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What the Russians Are Voting For


ON Dec. 12, potentially 107 million Russian voters will cast four separate ballots. Their votes will determine the composition of a new, two-chamber Federal Assembly, or parliament, and the approval of a new constitution for the Russian Federation. Here is what each of the four votes will mean: Federation Council

This is the upper house of the parliament, consisting of 178 seats, two for each of the Russian Federation's 89 regions and ethnic republics. Only 172 seats are being contested because of the refusal of the rebel republic of Chechnya to participate in the election and the failure of the republic of Tatarstan and the region of Chelyabinsk to put forward more than the required minimum of three candidates.

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Voters in each region or republic will vote for two persons out of the list of candidates. The top two vote-getters overall will be elected. Voters may also mark a box reading ``Against All Candidates,'' and no candidate can be elected if this vote exceeds his or her tally.

According to the Central Election Commission (CEC), 483 candidates met the requirement to gather signatures of at least 1 percent of their electorate. More than 40 percent of the candidates are from the existing government administration, while some 13 percent are former deputies in the disbanded Russian parliament. About 16 percent are businessmen. State Duma, single-seat districts

Half of the 450 seats in the lower house of the parliament will be elected from single-seat districts with an average electorate of about 500,000. Two seats, in Chechnya and Tatarstan, will not be contested because of a lack of candidates. The candidate with the most votes, even a plurality, wins.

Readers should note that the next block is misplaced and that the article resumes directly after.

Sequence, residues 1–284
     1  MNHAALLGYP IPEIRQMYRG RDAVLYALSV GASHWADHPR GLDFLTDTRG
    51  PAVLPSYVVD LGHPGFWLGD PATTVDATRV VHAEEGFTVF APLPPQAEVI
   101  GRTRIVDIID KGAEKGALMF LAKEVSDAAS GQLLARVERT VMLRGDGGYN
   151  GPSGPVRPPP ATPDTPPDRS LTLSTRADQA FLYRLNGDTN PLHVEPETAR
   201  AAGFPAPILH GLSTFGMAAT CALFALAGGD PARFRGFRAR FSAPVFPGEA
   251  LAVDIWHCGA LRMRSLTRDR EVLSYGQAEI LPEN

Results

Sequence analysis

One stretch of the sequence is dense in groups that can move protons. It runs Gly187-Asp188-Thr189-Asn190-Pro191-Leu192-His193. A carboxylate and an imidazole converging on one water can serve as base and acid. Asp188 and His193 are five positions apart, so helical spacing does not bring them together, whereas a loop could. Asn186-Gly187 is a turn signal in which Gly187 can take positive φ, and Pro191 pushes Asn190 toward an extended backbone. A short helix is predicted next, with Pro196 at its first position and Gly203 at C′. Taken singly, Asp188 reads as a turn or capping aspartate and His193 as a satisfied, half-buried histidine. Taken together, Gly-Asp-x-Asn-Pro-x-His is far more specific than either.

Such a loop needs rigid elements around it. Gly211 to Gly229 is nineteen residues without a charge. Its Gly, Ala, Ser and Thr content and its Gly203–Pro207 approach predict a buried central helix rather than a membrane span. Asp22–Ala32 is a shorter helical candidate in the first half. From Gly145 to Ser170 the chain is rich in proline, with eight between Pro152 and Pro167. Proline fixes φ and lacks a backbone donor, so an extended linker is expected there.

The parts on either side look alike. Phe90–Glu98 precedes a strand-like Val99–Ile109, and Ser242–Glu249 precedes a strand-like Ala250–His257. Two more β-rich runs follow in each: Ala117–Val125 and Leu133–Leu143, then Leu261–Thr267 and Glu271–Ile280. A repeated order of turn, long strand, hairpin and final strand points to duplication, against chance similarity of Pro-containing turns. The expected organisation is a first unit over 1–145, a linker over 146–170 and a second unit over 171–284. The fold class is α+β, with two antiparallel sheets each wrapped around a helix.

There are 1,566 registered candidates who met the requirement of collecting 5,000 signatures or were nominated by registered parties. According to CEC figures, 22 percent are from the administration, 20 percent are businessmen, 8 percent are directors of state-owned enterprises, and 10 percent are college professors. State Duma, party-list seats

The other half of the State Duma, 225 seats, will be allocated proportionally on the basis of votes for 13 national parties. The 13 met the requirement of gathering 100,000 signatures in at least seven regions or republics. Party seats will be given to those parties that win more than 5 percent of the national vote. Those that pass the barrier will divide the 225 seats in proportion to the number of votes each wins.

The parties are listed on the ballot paper in alphabetical order with the names of the top three candidates. A 5 percent vote will mean the first 14 candidates on the list will get seats. Constitution

Voters will decide whether to adopt, by national vote, a new draft constitution proposed by President Boris Yeltsin. Under the referendum law, passage would require approval of 50 percent of the electorate, but this has been designated a ``national vote,'' which requires only a majority turnout of at least 50 percent of the electorate. The ballot asks voters to mark a ``yes'' or ``no'' response to the question: ``Do you approve of the Russian constitution?''

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In a legal conundrum, the new parliament exists only under the new constitution. Failure to pass the constitution, therefore, could call into question the legality of the new parliament.

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